The project that made me determined I was going to work at ILM one day is "Jurassic Park." I remember that moment in the theater and thinking, "That just looks so real, but there's no way it's real," and just wanting to be part of that. Since I've been at the company, oh, there's just so many things that come to mind that when they were brought up, were ideas that you thought, "How are we going to pull this off?" But you have confidence that you will. Then when you see, it's still astounding. So again, I come back to StageCraft. Every time I walk on that volume, it is just unbelievable. Just the fact that we can change context so quickly there. You know you're in The Volume, but your brain is so tricked to believe that it's real. That is the thing that's currently astounding me.

'I think that there is absolutely no doubt that visual effects artists are incredibly talented, incredibly hardworking, and they don't get the credit they deserve'

There's been some talk recently among people who work in the visual effects industry that maybe some of them don't necessarily get the credit they deserve or the payment they deserve when they have to meet such fast and hard deadlines and work such long hours. Since you oversee so much of this stuff, what's your perspective on that growing outcry?

I think that there is absolutely no doubt that visual effects artists are incredibly talented, incredibly hardworking, and they don't get the credit they deserve. A lot of that comes from the fact that — I often say, I feel, in some ways, the industry, because we lean into this idea that it's a magic trick, that these geniuses behind the scenes just make it happen. And we don't necessarily lean into the individuals and the amount of hard work it takes. It's kind of invisible. So I think the more that we can do — like we are doing in a documentary like "Light & Magic," which really celebrates the people — to highlight those individuals, the work that they put into it, and the genius that they have, I think the craft of visual effects will get the recognition it deserves.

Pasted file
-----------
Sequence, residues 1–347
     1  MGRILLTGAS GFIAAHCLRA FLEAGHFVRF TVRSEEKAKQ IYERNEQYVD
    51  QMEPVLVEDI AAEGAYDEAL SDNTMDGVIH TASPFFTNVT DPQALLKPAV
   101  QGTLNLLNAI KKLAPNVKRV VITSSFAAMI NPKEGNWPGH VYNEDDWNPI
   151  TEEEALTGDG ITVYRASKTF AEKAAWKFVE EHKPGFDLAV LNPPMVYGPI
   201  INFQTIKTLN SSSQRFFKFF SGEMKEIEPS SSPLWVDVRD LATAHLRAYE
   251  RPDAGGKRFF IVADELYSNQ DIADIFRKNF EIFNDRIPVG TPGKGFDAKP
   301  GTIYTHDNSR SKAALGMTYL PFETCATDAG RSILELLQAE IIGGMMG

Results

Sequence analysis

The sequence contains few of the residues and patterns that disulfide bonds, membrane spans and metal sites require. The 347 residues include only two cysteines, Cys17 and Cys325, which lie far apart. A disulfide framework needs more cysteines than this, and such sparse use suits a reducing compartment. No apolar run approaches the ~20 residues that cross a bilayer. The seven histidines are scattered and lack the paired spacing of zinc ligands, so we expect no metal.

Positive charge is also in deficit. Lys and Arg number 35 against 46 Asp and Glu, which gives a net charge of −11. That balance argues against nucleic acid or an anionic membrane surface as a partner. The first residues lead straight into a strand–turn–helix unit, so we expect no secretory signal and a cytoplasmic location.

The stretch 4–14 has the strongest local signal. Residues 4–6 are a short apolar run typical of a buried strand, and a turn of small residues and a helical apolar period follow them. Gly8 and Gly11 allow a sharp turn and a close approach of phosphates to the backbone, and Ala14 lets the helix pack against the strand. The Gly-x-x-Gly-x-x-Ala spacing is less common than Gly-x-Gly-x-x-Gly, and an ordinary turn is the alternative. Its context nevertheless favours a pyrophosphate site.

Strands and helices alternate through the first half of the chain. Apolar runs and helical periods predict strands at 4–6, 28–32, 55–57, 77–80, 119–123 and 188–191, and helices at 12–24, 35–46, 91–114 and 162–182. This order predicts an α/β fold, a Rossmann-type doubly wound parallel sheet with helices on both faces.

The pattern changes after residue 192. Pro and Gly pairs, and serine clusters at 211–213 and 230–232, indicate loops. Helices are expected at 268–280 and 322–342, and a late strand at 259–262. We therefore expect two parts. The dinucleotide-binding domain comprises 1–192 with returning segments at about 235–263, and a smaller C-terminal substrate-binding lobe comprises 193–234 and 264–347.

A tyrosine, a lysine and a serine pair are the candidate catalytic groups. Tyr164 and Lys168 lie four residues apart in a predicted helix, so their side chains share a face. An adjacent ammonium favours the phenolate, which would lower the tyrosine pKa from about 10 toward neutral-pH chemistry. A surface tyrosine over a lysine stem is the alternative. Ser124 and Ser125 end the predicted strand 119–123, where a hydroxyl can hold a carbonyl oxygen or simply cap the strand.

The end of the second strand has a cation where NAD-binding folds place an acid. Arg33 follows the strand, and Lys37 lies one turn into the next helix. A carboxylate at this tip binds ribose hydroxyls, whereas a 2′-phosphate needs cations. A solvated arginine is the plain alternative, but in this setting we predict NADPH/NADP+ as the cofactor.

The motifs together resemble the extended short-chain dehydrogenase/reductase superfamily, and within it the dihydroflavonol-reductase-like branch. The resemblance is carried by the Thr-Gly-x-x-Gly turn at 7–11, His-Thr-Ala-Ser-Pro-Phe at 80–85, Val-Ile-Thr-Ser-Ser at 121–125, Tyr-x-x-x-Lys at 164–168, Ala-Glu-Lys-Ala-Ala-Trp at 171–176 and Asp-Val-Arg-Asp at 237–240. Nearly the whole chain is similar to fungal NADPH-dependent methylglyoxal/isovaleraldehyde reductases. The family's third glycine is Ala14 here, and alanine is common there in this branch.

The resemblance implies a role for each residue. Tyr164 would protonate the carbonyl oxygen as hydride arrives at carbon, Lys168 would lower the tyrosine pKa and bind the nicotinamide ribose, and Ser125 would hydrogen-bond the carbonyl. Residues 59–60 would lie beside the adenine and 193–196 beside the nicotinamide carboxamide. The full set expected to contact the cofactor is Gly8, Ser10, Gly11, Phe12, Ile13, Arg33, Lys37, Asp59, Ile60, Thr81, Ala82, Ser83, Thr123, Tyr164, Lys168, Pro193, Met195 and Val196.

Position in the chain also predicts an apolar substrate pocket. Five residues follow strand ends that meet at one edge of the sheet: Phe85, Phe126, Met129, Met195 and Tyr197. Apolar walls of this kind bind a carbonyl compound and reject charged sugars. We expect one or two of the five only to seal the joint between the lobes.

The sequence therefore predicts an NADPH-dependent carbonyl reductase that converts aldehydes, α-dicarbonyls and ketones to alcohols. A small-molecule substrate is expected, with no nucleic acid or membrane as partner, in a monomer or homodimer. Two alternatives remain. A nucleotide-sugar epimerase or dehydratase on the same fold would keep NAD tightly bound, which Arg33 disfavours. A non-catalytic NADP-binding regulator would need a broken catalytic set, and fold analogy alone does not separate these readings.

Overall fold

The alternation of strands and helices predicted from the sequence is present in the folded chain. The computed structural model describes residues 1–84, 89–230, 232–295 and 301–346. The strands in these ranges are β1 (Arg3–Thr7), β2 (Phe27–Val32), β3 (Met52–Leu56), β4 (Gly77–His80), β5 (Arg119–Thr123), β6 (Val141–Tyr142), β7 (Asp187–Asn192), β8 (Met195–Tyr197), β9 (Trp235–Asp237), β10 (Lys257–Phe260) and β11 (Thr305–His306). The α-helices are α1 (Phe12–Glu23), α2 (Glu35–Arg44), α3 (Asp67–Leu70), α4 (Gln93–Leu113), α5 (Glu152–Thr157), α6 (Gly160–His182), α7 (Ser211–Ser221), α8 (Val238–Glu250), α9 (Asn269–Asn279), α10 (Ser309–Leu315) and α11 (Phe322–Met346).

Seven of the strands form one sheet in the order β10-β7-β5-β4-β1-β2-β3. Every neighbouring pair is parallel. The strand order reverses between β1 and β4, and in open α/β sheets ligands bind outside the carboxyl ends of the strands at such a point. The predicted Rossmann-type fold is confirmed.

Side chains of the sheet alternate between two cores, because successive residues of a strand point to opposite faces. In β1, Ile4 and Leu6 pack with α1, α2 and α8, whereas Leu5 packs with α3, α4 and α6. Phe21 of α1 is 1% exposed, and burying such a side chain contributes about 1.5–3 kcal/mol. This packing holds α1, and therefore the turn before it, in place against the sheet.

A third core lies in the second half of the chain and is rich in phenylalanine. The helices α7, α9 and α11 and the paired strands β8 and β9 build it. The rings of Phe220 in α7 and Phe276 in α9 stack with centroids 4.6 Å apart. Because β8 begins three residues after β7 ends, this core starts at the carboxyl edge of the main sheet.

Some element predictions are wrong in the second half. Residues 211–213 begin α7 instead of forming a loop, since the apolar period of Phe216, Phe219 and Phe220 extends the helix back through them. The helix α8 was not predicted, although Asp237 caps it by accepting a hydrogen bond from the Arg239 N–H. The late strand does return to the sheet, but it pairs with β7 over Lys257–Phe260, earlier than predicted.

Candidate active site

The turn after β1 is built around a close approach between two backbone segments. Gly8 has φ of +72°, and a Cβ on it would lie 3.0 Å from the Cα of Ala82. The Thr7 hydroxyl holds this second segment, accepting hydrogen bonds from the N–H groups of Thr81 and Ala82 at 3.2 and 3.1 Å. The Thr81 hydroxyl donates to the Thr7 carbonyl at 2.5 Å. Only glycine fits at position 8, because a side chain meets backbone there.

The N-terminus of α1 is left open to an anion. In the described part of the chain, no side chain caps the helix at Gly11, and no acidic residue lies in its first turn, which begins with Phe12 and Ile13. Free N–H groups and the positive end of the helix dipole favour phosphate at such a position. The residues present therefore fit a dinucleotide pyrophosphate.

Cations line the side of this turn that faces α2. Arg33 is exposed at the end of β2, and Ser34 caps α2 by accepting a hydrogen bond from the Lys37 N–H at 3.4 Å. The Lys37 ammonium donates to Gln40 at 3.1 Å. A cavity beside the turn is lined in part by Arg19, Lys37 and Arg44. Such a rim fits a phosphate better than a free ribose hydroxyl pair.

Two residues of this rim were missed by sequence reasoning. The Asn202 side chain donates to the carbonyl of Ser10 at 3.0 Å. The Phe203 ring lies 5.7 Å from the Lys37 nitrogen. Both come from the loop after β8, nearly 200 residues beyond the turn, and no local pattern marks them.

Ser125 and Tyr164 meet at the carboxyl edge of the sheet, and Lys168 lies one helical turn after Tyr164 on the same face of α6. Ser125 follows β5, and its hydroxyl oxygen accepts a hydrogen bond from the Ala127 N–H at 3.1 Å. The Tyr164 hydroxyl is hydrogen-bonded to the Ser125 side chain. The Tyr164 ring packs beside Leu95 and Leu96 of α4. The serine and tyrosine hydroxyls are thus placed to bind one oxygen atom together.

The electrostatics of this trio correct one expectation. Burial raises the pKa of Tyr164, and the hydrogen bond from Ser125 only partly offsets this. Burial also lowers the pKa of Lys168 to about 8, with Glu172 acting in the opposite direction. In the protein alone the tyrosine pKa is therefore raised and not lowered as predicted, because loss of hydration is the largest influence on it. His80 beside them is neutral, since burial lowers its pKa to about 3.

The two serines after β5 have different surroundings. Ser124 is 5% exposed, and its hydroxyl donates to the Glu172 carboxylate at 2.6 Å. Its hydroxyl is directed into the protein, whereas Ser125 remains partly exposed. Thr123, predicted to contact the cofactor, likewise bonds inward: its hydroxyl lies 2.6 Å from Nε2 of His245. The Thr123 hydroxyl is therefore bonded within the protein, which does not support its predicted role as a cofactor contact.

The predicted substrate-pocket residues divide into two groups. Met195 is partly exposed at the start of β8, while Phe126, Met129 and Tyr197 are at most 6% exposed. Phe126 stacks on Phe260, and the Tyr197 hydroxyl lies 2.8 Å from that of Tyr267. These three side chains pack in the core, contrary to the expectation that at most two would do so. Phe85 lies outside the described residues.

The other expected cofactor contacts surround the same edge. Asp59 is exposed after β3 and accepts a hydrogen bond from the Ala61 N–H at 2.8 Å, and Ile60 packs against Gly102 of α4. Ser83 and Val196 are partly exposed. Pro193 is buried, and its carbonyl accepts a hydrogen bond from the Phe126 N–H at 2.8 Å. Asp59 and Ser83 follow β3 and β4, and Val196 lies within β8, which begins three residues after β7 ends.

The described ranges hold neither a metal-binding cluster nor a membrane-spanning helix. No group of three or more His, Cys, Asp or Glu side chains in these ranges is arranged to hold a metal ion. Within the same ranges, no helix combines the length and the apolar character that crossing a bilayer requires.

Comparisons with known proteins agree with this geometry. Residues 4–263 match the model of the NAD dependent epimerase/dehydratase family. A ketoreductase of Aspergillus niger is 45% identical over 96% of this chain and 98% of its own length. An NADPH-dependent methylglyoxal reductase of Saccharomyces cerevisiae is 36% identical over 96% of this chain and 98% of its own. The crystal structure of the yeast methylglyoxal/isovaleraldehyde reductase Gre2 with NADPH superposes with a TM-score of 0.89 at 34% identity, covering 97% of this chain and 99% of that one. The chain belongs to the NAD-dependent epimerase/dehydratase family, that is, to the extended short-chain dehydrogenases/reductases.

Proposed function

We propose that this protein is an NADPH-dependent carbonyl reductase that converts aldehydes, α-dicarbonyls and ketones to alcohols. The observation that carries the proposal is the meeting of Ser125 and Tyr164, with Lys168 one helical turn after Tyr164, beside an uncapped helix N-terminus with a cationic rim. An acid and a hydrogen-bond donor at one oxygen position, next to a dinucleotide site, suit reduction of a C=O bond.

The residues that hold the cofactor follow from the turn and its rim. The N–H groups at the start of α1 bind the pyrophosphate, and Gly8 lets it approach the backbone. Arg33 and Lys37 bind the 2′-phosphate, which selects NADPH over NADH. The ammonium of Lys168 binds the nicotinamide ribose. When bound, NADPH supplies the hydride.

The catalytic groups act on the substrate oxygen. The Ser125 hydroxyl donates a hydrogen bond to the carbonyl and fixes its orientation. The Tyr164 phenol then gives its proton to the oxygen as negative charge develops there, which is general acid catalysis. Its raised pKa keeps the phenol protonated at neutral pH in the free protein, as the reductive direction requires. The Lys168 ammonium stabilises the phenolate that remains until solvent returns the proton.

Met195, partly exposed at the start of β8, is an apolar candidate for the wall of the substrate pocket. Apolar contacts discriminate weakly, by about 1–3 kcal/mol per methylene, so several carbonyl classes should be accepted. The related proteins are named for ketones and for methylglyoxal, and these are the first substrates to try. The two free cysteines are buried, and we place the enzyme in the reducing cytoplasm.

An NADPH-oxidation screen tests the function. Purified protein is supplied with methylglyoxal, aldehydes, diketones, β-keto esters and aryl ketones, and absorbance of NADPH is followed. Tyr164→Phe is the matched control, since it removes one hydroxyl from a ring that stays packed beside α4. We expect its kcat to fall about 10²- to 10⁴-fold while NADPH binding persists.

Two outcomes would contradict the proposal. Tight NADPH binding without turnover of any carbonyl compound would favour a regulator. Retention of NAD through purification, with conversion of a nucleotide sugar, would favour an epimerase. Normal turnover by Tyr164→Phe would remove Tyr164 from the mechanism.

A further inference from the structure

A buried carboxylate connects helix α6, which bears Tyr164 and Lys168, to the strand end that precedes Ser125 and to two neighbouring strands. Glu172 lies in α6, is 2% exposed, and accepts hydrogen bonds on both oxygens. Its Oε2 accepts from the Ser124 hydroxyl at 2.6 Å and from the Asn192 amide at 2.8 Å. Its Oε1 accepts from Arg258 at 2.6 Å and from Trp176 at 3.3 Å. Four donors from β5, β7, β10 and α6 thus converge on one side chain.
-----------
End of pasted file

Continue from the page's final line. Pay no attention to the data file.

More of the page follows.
One last thing as we wrap up here, what do you think the biggest challenge is facing a franchise like "Star Wars" as it heads into an entirely new era?

That's a great question. One we ask ourselves all the time. I think the wonderful thing about "Star Wars" is it's a gigantic galaxy with thousands and thousands of years of history, so that's a big place to explore. And finding a way that we can explore those different parts, but in a way that is connected, and doesn't feel overwhelming, and that we don't overdo it. Because I think "Star Wars" is also special. So we always want to make sure that, when we're telling a story, it's a story that needs to be told or people want to hear about. I think that's the most important thing, so that when we're telling stories, they have some context and they have a reason for being. Because there's a lot we could do, but I don't think you want to do everything you could do all at the same time. You have to parse it out.

"Light & Magic" is streaming now on Disney+.